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  • On Racial Icons: Blackness and the Public Imagination by Nicole R. Fleetwood
  • Rachel Brunner (bio)
Fleetwood, Nicole R. On Racial Icons: Blackness and the Public Imagination. New Brunswick, NJ: Rutgers UP, 2015.

Nicole R. Fleetwood's On Racial Icons: Blackness and the Public Imagination is a concise examination of the ways society and the media have iconized and vilified photographic representations of black Americans. Fleetwood's primary concern is with public interpretation of the "signifying" quality of racial images, and she questions the "representation currency" of these images in relation to historical documentation, and how they are perceived as means of understanding the current political, social, and cultural portrayals of minorities, specifically African Americans. As Fleetwood notes: "On Racial Icons is a meditation on how we—as a broad American public—fixate on certain images of race and nation, specifically the black icon" (1). Fleetwood's examination of current public figures, such as President Barack Obama and Trayvon Martin, celebrities such as Diana Ross, and sports figures like LeBron James and Serena Williams, demonstrates how photographic / visual media representation both conflicts with and shapes our understanding of the complexity of race and the public production, circulation, and interpretation of images.

Fleetwood begins her introduction to On Racial Icons by identifying her personal connection to the topic saying: „From early on, I was aware that my experience of being a young black girl was one of living in relationship to images of blackness and black subjects that circulated broadly in the public sphere" (1). This recognition of the way images are disseminated, as well as how they influence public perception of people of color, is the crux of Fleetwood's analysis, and establishes ethos, which is an opportunity that the author feels has been lacking. As she notes, "My hope is that this inquiry provides an opportunity to think with readers about race, nation, and American public culture through photographic representation" (2). In order to set the stage for such an inquiry, Fleetwood connects her "case study" to a "rich body of scholarship, art, and criticism on race and visual culture," and provides readers with a brief historical framework through which [End Page 101] she examines specific imagery (2). Fleetwood suggests that "the images chosen here are not simply supplements or illustrations of race but are part of the production and circulation of the racial narrative of this country" (3). Fleetwood challenges both production and circulation by examining how the public venerates or devalues black individuals based upon their media portrayals.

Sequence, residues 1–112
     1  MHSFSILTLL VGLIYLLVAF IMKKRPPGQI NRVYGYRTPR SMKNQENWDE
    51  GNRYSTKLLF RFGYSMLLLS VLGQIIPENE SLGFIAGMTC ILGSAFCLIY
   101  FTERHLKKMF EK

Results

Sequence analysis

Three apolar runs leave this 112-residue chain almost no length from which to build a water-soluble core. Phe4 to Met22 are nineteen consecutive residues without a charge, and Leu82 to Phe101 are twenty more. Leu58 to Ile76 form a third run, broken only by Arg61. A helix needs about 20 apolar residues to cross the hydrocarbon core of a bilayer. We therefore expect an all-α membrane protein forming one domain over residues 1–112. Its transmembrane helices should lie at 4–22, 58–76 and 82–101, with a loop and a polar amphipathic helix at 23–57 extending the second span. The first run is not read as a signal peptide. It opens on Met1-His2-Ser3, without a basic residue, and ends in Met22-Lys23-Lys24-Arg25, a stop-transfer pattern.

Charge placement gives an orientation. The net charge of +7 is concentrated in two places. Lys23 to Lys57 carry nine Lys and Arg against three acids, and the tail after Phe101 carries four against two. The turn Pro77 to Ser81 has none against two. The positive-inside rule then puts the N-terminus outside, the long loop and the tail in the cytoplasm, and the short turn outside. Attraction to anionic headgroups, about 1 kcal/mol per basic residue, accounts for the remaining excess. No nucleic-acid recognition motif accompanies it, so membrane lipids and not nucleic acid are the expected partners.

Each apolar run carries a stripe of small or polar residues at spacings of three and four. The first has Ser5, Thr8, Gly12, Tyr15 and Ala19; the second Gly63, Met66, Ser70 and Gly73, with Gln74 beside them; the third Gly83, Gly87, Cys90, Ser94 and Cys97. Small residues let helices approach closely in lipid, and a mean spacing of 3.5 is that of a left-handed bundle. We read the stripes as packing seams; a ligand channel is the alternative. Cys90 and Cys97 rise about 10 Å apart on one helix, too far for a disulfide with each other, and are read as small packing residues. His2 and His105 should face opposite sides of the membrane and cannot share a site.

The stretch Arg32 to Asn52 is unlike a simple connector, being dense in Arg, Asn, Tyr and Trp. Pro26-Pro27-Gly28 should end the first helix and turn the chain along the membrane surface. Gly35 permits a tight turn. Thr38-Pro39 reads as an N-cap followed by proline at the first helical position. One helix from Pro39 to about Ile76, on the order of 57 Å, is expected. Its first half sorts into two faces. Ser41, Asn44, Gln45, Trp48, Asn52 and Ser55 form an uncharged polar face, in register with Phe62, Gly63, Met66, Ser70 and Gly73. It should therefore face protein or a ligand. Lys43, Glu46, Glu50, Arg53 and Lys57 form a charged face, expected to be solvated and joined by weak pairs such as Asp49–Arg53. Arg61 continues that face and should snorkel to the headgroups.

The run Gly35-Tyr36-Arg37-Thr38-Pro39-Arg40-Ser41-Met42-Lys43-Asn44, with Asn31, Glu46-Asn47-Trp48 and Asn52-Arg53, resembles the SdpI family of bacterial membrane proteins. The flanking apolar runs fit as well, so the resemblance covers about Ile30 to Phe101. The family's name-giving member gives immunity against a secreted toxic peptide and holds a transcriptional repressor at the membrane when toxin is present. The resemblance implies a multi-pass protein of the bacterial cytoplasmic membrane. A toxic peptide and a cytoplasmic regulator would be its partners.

Prior to immersing readers in a close examination of four "types" of famous (or infamous) racial icons, Fleetwood provides a history of the concept of iconography, noting the term's religious roots and shifting connotations in the public sphere. As she puts it:

At moments, the icon connotes a commonsense usage: a notable public person who represents a set of attributes, traits, or talents valued by a given society. In popular culture, the icon often refers to a celebrity with staying power. In the arenas of politics and civil society, the icon tends to refer to a charismatic leader, a dedicated advocate, or a fearless trailblazer. In visual theory, the icon is an image, like a photographic representation, imbued with significant social and symbolic meaning, so much so that it needs little explication for the cultural reader to decode it. The icon in contemporary culture carries multiple meanings, but I contend that there remains the trace of worship and that the icon continues to gesture toward the sacred.


Fleetwood notes the way different sectors influence perception, and suggests that these differences are apparent in the reception and interpretation of these "iconic photographs." Although the term "icon" has been used in conjunction with such imagery before, the religiously-tinged "veneration" of such images is less typical, and it challenges the way viewers grapple with the production and circulation of such images. Fleetwood incorporates Robert Hairman and John Louis Lucaites' definition of icon as an image that is "widely recognized and remembered" and which has been "reproduced across a range of media" (9). Fleetwood's choice of images for her case study fit this definition, exemplifying the shifting...


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pp. 101-104
Launched on MUSE
Open Access
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